EDM Surface Finish

The surface finish obtained in your Sinker-EDM depends on variants like material used for the electrode, surface finish of the machined electrode, spark-gap dimension, discharge current and its frequency, efficiency of the dielectric fluid system and the machine type; high frequency and low discharge current gives the best surface finish.

In your Sinker-EDM process, each spark discharge across the spark-gap forms a spherical crater on the work-piece surface; the depth of this crater is an indicator of the surface finish, more the depth, and rougher is the surface finish.

Unlike in conventional machines, your Sinker-EDM process does not leave tool marks on the work-piece surface and this will help in improving the surface finish by secondary operations like polishing to remove recast layer and other surface defects.

EDM Machine manufacturers claim a surface finish of 0.29 µRa in large CNC Controlled Sinker-EDM and 0.8 µRa for small machines; the said surface finish can be achieved under the specified parameters.

Formation of Heat affected zone including white (recast) layer affects the surface finish in your Sinker-EDM process.

To achieve the combined goal of higher material removal rate and accuracy with a good surface finish, you can plan the Sinker-EDM process in two setups, roughing and finishing.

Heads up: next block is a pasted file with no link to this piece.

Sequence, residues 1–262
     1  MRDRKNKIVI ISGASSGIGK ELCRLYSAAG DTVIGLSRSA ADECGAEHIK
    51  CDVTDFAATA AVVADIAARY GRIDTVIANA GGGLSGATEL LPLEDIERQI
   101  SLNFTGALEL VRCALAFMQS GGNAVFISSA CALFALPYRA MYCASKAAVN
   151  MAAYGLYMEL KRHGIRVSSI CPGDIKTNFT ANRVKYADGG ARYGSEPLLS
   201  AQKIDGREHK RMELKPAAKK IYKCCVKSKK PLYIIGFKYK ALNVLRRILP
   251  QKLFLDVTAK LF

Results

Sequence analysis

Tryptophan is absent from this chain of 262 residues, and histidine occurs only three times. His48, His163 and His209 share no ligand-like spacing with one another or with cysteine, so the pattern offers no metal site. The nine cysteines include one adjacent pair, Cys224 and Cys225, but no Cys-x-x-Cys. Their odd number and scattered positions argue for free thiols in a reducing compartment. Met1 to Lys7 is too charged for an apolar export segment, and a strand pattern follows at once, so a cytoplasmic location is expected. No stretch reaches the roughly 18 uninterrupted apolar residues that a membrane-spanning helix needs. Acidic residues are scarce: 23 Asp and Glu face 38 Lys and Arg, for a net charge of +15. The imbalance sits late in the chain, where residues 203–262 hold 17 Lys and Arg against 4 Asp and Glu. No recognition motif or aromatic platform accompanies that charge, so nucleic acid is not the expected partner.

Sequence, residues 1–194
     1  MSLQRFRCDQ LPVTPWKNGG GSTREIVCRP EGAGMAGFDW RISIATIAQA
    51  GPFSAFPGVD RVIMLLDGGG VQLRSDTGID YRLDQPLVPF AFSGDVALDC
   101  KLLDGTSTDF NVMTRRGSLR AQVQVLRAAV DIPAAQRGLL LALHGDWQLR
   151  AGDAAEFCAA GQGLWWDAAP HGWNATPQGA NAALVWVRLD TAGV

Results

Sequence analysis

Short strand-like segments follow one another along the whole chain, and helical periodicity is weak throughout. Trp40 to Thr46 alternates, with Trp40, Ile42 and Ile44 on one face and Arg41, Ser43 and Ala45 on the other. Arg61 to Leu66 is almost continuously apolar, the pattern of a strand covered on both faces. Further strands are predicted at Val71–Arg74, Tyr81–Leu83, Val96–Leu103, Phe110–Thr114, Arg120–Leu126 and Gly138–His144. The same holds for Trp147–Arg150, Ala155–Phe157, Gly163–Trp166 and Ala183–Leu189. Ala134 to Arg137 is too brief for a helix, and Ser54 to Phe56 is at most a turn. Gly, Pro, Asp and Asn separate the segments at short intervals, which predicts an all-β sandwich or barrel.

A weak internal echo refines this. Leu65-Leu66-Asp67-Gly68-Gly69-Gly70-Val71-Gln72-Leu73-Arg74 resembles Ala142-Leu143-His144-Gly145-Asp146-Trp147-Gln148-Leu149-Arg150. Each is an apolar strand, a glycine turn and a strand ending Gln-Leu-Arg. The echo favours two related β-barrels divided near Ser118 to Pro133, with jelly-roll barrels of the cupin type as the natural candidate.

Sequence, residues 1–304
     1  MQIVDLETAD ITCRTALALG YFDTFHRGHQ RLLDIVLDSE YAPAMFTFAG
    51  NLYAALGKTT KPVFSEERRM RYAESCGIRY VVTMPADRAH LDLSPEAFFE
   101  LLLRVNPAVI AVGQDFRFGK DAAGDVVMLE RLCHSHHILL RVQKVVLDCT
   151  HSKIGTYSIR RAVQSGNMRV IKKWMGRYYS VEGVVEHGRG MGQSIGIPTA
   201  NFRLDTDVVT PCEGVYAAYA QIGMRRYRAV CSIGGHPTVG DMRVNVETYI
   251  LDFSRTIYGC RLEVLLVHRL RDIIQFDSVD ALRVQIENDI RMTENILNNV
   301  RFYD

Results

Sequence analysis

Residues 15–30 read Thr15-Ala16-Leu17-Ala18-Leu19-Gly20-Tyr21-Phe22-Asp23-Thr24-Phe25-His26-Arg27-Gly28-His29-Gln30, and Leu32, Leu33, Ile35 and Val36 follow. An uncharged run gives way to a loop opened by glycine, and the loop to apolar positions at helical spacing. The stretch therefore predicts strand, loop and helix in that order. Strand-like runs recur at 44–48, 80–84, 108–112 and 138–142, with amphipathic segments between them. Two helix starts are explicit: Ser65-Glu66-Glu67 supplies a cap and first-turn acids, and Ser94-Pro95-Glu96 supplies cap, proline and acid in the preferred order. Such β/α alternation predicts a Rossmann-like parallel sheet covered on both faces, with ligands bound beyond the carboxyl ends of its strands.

You can do roughing with a roughing electrode where your objective is to remove maximum material in minimum time adopting parameters for a higher material removal rate.

You can plan the finishing with an electrode having the final profile and adopting parameters for accuracy and high surface finish.

The shape and material of your roughing electrode will be different from that of the finishing electrode.

EDM Fluid used in Sinker- EDM

The dielectric fluid used in your Sinker-EDM generally acts as an insulator and does not allow the current to pass from the electrode (tool) to the work-piece; however, under some conditions and in the area of the spark-gap it becomes conductive and allows the current to pass in the form of a spark.

Some of the desired qualities of the dielectric fluid for your Sinker-EDM are (i) sufficient and stable dielectric strength (ii) low viscosity for better flow (iii) chemically neutral to the materials it comes in contact (iv) sufficiently high flash point (v) not harmful to the operator skin and (vi) no emission of toxic vapors.